*** Track 4. - "Woe Is Me" Written by Kelly Zirbes and Perry Robertson.
Time for a good ole knees up Cajun style and this one is certainly gonna kick the dust up offa the floor. Brilliant engaging make you smile and make you dance Cajun music that always lifts the spirits. The perfect title for the song about being so sad and worrying about your bad luck. Hey come on you can't feel bad when Eddie Baytos has the accordion and washboard out and swingin'. Hey look your toes are tappin'. Zirbes has so much fun in her voice and expressiveness in her vocals that are just so enjoyable that you just can't sit still. Hey l'm singing along with you Kelly thanks to having the song lyrics in your album booklet. What a hoot we are having. Pass the jug will ya! In keeping with the joyful punchy Cajun sound you need a punchy rhythm section and on this one Michael Mason on drums joins bassist matt McFadden. Not to be out done Robertson lays down some very cool guitar as this party certainly high steps into top gear. Now l feel oh so good, so thank-you Kelly's Lot!!!
*** Track 5. - "Safe And Warm" Written by Kelly Zirbes and Perry Robertson.
This one certainly changes direction what with Zirbes on acoustic guitar with Robertson. Gorgeous sound with Zirbes vocals, like honey as she caresses you with her tone and exquisite phrasing. What a incredible slow Blues that harkens back to the thirties and as was the want back them orchestration is kept to a minimum. McFadden and Sauer's rhythm section is subtle and in fact so perfectly modulated into the mix one would and rightly say that this was indeed a vintage recording. Now for me this truly is a tour de force and one that is perfect in every way. Bravo Kelly's Lot.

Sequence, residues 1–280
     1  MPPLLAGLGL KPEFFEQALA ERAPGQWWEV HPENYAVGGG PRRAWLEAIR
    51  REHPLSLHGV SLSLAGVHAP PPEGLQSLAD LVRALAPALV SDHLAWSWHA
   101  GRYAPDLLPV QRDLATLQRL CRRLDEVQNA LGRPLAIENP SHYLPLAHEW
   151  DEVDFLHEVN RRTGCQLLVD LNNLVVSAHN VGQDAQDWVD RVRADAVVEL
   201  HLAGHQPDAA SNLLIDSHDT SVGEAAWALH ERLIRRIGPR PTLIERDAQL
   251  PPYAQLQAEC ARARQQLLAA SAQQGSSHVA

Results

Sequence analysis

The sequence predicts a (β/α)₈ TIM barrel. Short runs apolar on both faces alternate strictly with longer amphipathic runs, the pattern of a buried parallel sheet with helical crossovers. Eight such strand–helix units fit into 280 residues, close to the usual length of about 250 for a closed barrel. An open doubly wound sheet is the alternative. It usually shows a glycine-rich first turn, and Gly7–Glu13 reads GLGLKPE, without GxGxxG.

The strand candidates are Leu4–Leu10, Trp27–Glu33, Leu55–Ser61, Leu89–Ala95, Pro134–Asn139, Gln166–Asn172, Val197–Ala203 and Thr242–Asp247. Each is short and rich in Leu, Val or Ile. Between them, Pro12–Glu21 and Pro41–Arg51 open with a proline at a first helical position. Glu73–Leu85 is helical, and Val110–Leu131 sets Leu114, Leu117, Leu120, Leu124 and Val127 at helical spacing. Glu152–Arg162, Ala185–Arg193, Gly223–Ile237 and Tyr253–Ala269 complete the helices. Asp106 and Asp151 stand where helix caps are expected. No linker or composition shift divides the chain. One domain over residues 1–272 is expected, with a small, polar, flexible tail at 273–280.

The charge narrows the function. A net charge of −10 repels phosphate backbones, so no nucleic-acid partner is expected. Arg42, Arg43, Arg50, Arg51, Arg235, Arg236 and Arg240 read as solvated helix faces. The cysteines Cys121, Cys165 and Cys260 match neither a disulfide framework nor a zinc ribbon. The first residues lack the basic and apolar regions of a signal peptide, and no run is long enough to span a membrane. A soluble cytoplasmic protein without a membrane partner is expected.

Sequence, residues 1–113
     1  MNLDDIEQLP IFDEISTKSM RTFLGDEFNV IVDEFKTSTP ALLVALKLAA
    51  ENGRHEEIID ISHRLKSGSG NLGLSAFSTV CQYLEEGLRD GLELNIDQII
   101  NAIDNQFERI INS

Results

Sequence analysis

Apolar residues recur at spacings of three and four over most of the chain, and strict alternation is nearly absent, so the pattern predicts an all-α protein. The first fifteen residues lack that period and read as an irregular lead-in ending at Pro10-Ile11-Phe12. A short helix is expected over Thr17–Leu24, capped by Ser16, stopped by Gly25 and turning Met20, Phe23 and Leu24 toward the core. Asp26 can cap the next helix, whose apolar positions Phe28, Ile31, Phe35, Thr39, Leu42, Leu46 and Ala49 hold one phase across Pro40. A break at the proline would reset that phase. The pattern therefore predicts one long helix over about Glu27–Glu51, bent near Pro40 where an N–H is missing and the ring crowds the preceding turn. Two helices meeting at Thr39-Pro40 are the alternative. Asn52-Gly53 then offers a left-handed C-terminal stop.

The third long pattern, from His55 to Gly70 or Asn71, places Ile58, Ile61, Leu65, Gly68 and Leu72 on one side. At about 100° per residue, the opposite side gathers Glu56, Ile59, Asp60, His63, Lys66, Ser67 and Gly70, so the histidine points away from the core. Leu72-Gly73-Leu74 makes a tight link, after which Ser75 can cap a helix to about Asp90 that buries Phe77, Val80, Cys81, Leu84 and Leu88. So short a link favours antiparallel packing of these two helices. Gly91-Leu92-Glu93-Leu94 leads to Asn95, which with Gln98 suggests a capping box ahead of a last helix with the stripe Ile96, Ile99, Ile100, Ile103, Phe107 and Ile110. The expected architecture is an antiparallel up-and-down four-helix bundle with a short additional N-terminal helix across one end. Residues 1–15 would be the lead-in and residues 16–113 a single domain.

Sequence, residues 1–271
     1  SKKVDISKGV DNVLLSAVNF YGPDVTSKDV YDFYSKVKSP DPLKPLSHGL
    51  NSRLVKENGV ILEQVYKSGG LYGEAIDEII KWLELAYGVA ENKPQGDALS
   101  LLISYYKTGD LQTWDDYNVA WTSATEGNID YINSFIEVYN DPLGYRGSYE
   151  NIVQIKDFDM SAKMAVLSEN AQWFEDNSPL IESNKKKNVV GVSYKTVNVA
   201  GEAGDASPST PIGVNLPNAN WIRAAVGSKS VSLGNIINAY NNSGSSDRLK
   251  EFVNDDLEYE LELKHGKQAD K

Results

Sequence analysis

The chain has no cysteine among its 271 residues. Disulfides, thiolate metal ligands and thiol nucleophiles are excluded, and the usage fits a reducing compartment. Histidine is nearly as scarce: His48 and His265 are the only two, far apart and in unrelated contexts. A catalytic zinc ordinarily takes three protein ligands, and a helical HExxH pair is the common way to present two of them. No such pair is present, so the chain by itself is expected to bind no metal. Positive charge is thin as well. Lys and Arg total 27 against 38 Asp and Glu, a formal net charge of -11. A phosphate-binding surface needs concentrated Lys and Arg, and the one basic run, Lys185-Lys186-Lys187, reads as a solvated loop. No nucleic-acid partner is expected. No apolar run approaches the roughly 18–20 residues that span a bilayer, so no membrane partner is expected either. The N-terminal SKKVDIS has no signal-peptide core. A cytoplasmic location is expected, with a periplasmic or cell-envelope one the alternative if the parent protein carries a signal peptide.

*** Track 6. - "Rise Up (Leve-Toi)" Written by Kelly Zirbes and Perry Robertson.
Wildman of French Blues one Jean-Francois Thomas makes for a mesmerising duet partner for Zirbes in this burning love and political inspired song. The combination of English and French language add to the potent pathos of the song and the political overtones of French revolution. Zirbes holds her own with such a powerful singer in Thomas and she matches him growl for growl. Throughout guest guitarist Rob Zucca is sublime as he riffs with abandon all over the top and bottom then displays his immense talents with his solos. As one would expect the rhythm section has to display a brutish force about it in keeping with the feel and pathos of the song. McFadden and Sauer certainly deliver the perfect rhythm section. One could easily dismiss this track as a curiosity at first but after listening just once you are left in no doubt that it is one serious Blues track.
Track 7. - "Broke Myself" Written by Kelly Zirbes and Perry Robertson.